Ironing is a chore most people either love or hate. Fortunately for those in the "hate" category, technology has made ironing quick and easy. Nevertheless, a decision must be made of which ironing invention to use: a steam iron or garment steamer. Base your choice on how frequently you iron, what is being ironed, the results you expect, and where you iron.
Irons have evolved since cast-iron prototypes. With the inventions of electricity and plastic, the basic base model emerged, followed by digital displays, steam and cordless irons.
A garment steamer offers a variety of sizes and portability such as handheld/travel-size steamers. Portable/compact steamers allow maneuverability from room to room. Uprights are designed to take up less closet space.
With the exception of the base model, all types of irons include one or all of the following: steam production for enhanced ironing, drip-free steaming for vertical use, retractable cord or no cord at all, digital display window for temperature control, stainless-steel bottom, self-cleaning feature and time-controlled auto shut-off.
The handheld/travel size may offer everything from 12-minute steam time to bristle and lint brushes, storage pouch or duel voltage. Some brands do not offer any attachments.
A portable/compact steamer is made with a detachable base for carrying as well as a hook for hanging on doorknobs while using the nozzle. It provides 20-minute steam time, a fixed T-nozzle, lint brush and crease tool. When returned to the base, the steamer automatically shuts off.
An upright comes with a collapsible pole for hanging garments, foot-activated power switch, smaller base for optimal space-saving and larger wheels for maneuverability. Higher-priced uprights are equipped with crease tools, lint removers, fur brushes and handheld pressing boards.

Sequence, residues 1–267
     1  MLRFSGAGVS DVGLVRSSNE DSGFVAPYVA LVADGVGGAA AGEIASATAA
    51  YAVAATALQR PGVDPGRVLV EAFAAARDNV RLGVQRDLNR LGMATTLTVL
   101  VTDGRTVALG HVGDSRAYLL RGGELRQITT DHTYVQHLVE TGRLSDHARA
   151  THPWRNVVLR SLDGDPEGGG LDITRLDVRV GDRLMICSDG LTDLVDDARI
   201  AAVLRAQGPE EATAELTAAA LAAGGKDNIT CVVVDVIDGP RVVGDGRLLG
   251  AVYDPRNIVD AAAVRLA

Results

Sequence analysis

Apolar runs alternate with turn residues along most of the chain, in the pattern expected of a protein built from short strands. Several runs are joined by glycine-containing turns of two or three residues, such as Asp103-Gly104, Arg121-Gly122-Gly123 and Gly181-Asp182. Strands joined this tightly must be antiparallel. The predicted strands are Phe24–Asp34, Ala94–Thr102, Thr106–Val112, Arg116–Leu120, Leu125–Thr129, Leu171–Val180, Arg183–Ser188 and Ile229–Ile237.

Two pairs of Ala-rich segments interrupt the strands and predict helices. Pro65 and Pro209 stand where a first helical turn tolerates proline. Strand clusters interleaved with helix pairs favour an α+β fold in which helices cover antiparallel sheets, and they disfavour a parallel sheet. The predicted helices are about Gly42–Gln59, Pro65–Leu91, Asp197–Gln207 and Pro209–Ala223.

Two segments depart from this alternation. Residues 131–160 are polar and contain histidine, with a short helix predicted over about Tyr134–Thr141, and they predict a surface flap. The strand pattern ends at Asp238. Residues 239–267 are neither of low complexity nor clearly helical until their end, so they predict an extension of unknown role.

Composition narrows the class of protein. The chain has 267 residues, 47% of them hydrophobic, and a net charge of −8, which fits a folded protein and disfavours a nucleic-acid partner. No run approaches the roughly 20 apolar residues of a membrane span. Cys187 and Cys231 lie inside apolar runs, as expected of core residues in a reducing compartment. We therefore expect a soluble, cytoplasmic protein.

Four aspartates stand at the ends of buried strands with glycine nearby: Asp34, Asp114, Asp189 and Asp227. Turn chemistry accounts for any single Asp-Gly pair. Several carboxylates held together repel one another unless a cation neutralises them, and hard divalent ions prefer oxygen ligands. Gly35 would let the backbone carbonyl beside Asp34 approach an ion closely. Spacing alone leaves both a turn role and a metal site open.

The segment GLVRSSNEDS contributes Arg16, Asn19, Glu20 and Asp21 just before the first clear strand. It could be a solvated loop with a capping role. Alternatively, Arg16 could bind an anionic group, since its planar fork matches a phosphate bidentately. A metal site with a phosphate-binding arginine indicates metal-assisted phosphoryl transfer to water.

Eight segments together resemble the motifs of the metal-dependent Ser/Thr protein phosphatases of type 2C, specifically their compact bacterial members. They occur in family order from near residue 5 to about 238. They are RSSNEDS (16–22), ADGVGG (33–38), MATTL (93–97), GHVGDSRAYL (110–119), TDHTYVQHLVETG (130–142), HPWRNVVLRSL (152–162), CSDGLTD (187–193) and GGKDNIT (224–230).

An iron applies pressure to the fabric, flattening fibres to give a crisp look. Garment steamers fluff fibres, giving them a soft, clean look that is longer lasting and requires fewer dry cleaning visits.
Irons have a size advantage when pressing cuffs, collars and creases. Steamers are not limited to garments; they can be used to lift pet hair from upholstery, and freshen drapes, comforters and rugs. Steamers are safe to use on all fabrics, including silk and cashmere, and the steam's temperature keeps mattresses and pillows free of dust mites, thus reducing allergens and bacteria up to 99.9 per cent. Steamers are a good investment because of the potential reduction in dry cleaning bills.
As of 2009, irons and steamers run in the range from £13 to more than £65, but according to Consumer Reports, a higher price doesn't mean better performance. Compare products, features and prices, and check with a reputable consumer site to see which product carries its seal of approval.